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Title: Dance%20Resource%20Guide%202010


1
Dance Resource Guide 2010
  • Dancing is the poetry of the foot. - John
    Dryden

2
Dance 2009/2010
  • We are covering many dance categories this year
    with some of our performances.
  • September 25th 2009 The Southwest Symphony
    brought us the Otero Dance Troupe.
  • December 18th 2009 The Hispano Chamber of
    Commerce is bringing us the Mariachi Dancers.
  • February 16th-19th 2010 The National Dance
    Institute will do a performance with a group of
    Edison Students.
  • March 11th12th 2010 Our Fine Arts Program is
    bringing Mills Elementary and Sanger Elementary
    some Pueblo Dancers for the Pojaque Nation.
  • March 17th 2010 The Maciolek School of Dance is
    bringing us the Irish Dancers.

3
Dance 2009-2010
  • This resource guide contains some background
    information about those diverse types of dances
    so you can discuss it or even try a few with your
    students in PE.
  • You can keep up with our Elementary Dance
    activities on this link
  • Elementary Fine Arts Dance

4
Otero Dance Troupe
  • A Brief History Of Tango, Salsa And Gauchos.
  • TANGO There is no certainty about the origin
    and meaning of the word Tango, since it has many
    interpretations.
  • The dance and its music were born and evolved
    together in the final decade of the 19th century
    in the slums in the outskirts of Buenos Aires
    ,Argentina and in the neighboring Montevideo,
    Uruguay (just across the Rio de la Plata).
  • During its earliest years, from 1880 to 1900, few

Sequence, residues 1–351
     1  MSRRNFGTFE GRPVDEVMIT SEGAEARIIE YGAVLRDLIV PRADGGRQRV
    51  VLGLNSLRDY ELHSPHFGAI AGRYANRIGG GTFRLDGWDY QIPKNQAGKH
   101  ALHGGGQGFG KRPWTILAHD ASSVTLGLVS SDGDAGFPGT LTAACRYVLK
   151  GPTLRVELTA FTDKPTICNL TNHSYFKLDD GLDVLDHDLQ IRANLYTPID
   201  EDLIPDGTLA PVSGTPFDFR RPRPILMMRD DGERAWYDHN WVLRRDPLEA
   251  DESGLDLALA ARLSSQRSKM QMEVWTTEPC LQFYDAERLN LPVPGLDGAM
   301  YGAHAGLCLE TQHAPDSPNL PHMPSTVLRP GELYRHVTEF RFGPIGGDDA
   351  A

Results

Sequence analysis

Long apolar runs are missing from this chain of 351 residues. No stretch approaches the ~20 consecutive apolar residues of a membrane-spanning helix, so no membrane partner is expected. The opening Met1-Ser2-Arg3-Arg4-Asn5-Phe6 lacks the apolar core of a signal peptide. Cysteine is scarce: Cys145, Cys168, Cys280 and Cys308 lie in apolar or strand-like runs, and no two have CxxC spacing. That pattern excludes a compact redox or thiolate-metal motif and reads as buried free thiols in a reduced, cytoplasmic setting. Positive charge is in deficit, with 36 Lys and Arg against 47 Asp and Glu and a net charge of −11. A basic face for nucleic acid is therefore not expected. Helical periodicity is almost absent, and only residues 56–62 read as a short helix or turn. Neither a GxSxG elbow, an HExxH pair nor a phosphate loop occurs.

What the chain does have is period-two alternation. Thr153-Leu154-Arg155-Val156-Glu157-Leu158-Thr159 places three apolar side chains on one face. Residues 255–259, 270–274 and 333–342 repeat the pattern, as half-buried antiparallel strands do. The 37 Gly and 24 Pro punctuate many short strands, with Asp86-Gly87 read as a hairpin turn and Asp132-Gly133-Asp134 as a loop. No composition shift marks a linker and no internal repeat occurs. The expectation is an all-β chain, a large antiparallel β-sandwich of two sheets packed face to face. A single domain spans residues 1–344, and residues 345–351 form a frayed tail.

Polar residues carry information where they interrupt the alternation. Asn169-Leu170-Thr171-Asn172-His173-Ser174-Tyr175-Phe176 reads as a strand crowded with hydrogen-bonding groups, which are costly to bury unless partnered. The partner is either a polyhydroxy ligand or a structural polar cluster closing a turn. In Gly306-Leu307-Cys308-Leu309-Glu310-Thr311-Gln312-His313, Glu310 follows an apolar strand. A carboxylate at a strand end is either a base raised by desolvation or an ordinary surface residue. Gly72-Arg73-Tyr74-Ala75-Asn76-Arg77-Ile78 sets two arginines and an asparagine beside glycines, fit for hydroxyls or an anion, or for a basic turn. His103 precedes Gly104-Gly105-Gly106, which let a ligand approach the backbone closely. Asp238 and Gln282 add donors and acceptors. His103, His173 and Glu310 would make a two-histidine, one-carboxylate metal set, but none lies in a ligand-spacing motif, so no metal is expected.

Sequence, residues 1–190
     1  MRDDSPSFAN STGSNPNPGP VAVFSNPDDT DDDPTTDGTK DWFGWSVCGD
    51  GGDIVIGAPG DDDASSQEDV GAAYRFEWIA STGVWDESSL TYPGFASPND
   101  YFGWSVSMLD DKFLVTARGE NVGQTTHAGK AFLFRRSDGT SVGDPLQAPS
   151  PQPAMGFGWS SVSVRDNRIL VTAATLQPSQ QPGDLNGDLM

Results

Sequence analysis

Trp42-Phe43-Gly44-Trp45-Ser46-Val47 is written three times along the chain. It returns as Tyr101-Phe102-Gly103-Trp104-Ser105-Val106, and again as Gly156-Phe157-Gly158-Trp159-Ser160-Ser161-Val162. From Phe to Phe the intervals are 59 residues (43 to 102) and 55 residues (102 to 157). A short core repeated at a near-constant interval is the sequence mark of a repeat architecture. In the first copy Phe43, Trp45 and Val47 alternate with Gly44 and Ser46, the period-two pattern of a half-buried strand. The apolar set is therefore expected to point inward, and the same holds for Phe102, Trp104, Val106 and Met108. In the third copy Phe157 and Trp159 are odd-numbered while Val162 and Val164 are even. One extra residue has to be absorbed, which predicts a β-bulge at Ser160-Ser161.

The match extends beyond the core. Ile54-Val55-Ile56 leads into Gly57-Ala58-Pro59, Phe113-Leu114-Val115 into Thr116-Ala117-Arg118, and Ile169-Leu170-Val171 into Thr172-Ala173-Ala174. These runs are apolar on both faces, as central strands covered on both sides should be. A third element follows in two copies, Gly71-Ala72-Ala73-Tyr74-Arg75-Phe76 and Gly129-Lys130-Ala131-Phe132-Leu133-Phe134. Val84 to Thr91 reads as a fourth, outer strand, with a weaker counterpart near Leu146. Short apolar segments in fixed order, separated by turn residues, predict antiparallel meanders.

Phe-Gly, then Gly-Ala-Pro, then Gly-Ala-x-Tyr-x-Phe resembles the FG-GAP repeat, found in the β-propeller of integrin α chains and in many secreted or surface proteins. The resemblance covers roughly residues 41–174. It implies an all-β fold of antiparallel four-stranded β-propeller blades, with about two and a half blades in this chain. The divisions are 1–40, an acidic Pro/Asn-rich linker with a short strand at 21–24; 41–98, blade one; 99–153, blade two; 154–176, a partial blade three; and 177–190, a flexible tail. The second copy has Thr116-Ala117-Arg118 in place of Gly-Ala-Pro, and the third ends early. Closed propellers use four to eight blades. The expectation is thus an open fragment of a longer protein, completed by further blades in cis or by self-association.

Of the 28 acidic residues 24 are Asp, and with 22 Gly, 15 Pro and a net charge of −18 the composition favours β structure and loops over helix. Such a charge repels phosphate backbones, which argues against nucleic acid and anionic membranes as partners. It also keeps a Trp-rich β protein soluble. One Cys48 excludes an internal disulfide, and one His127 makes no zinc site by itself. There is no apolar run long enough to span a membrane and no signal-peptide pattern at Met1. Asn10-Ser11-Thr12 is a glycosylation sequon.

tangos were recorded or committed to paper. But
    during this final quarter of the 19th century was
    born a new generation of musicians who would soon
    take beyond its simple beginnings. These are
    composers of the Guardia Vieja, the old guard.
    From about 1900 to 1920 they develop the tango
    into one of this centurys most romantic and
    beautiful music forms.

5
Otero Dance Troupe
  • During the early years tangos might be played by
    a solo pianist in a café, or by a duo or trio
    with flute, violin and guitars. Around 1920 the
    vocal tango became much more prominent, initially
    propelled by the popularity of folksinger Carlos
    Gardel. An entire genre of vocal tango music
    evolved with lyrics that might be compared to our
    country-western music. During the 1920s as the
    tango become more widely accepted, bands expanded
    to meet this rising popularity.

6
Otero Dance Troupe
  • Through all its history up to the present
    Argentine tango was built by many artists
    writers, musicians, dancers and singers. Each one
    of them had a personal touch, but they all had
    two things in common The love for Buenos Aires
    music and the need of being Tango ambassadors.
  • Beyond doubt, the Tango is the essence of the
    modern soul of dancing, For it is not only a
    dance, it is a style to master the Tango one
    must first master its style, absorb its
    atmosphere. More than anything else, the Tango is
    about a connection, an empathy between two
    people, the need to embrace, and be in the arms
    of another, to escape, albeit for just a brief
    moment in time, and in that moment, to live a
    life time

7
Otero Dance Troupe
  • SALSA Salsa is not easily defined. Though many
    get caught up in the old debate as to who
    invented salsa (Cubans or Puerto Ricans), the
    truth of the matter is that salsa has and will
    always continuo to have a grate number of
    influences that have each played a large part in
    its evolution.
  • Salsa is a distillation of many Latin and
    Afro-Caribbean dances. Each played a large part
    in its evolution. In salsa turns have become an
    important feature Salsa has rhythm, passion,